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The Uniform Partnership Act

The law prohibiting a creditor from reaching the assets of the partnership has been well established for many years. In fact, these particular provisions of partnership law were first adopted as part of the English Partnership Act of 1890 and were subsequently adopted as part of the Uniform Partnership Act, which has been the basis of the law in the United States since the 1940s. The reason for these provisions is that they are necessary to accomplish a particular public policy objective. This policy is that the business activities of a partnership should not be disrupted because of non-partnership related debts of one of the partners. Prior to the adoption of these provisions, it was possible for a creditor of a partner to obtain a Writ of Execution ordering the local sheriff to levy directly on the property of the partnership to satisfy the creditor’s debt. The local sheriff went to the partnership’s place of business, shut down the business, seized all of the assets, and sold them to satisfy the debt. These methods not only destroyed the partnership’s business but also caused a significant economic injustice to the non-debtor partner through the forced liquidation of partnership assets. The non-debtor partner didn’t do anything wrong. Why should he be forced to suffer?

To avoid precisely these unfair results, the law was formulated so that a creditor with a judgment against a partner-but not against the partnership-cannot execute directly on partnership assets. Instead, the law allows the creditor to obtain a charging order, which affects only the actual distributions made to the debtor partner. The business of the partnership is allowed to continue unhampered, and the economic interest of the non-debtor partner is not impaired.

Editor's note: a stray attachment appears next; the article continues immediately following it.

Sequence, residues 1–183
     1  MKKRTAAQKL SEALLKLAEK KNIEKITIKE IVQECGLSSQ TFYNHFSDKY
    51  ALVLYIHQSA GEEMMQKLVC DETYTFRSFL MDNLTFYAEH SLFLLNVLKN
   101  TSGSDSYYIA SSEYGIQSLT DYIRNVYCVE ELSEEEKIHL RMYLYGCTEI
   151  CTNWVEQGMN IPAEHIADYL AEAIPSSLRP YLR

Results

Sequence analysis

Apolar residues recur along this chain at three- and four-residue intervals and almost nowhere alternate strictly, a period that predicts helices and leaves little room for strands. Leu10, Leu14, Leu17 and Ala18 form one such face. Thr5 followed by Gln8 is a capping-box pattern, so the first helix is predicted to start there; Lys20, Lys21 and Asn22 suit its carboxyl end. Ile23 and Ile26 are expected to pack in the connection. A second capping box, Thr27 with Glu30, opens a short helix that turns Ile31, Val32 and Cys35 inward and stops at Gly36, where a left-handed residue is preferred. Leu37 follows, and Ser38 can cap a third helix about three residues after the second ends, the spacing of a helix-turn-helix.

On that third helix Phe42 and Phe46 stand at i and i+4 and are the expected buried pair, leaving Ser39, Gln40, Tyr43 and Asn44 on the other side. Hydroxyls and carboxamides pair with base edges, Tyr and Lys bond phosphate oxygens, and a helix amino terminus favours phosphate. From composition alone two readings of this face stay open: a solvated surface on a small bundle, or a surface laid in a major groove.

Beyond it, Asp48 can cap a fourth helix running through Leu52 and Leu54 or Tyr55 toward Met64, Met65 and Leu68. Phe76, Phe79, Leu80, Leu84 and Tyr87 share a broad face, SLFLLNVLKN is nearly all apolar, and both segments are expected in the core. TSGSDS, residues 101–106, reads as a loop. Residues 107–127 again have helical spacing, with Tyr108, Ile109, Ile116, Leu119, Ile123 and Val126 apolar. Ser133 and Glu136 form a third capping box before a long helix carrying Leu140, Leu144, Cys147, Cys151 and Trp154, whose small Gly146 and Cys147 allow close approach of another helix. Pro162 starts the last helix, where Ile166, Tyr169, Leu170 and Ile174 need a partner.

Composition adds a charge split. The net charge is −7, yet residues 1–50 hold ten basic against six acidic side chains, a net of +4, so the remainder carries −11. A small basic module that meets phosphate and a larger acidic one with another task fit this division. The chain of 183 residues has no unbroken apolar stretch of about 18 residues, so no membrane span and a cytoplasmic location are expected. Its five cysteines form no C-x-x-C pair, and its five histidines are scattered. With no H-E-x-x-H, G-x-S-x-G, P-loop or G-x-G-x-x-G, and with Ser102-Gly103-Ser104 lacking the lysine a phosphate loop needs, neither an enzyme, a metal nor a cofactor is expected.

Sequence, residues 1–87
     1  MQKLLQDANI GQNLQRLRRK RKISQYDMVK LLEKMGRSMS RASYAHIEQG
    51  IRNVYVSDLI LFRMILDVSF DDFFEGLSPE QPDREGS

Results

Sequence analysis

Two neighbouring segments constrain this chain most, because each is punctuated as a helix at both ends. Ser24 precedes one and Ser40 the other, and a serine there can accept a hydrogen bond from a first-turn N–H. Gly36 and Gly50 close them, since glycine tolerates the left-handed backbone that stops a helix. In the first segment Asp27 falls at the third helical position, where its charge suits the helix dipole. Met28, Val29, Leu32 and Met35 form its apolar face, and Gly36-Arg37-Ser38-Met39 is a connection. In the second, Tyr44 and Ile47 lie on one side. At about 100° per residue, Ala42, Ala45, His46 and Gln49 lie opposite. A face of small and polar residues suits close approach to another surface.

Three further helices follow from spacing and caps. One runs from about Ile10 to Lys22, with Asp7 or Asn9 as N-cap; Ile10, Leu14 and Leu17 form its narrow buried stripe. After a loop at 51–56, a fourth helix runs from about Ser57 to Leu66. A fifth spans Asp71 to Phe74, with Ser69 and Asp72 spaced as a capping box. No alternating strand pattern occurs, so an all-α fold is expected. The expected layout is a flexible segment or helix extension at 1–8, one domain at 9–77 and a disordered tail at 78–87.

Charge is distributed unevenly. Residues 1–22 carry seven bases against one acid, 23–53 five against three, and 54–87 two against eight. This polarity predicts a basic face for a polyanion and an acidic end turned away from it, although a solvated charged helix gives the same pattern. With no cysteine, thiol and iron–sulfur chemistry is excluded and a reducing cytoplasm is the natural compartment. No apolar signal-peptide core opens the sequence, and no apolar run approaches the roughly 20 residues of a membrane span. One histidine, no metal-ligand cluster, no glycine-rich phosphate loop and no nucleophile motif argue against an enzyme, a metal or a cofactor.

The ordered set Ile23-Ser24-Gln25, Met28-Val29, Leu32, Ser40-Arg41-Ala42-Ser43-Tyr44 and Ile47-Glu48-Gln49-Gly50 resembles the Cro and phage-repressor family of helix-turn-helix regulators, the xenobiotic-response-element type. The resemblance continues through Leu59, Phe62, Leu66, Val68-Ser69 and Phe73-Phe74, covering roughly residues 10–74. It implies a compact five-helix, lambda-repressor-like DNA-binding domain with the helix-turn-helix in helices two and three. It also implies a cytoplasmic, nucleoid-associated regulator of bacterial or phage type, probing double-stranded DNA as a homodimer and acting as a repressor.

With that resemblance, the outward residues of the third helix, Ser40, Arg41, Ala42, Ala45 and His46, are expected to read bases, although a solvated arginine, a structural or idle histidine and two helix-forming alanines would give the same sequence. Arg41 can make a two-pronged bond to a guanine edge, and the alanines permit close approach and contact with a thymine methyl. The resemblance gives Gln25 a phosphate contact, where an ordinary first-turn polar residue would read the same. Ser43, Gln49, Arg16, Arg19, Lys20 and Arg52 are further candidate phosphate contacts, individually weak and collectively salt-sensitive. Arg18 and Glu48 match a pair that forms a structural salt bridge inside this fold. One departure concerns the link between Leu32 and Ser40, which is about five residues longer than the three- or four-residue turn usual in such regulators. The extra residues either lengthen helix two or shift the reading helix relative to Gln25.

The protection of partnership assets from the claims of one partner’s creditors is deeply entrenched in the foundation of American and English partnership law. Without such protection, the formation of partnerships would be discouraged and legitimate business activities would be impeded. When understood in this light, it is clear that the asset protection features of a Family Limited Partnership are neither a fluke nor a loophole in the law. Rather, these provisions are an integral part of partnership design, and it is unlikely that changes in the law will ever be made which would impair these features.

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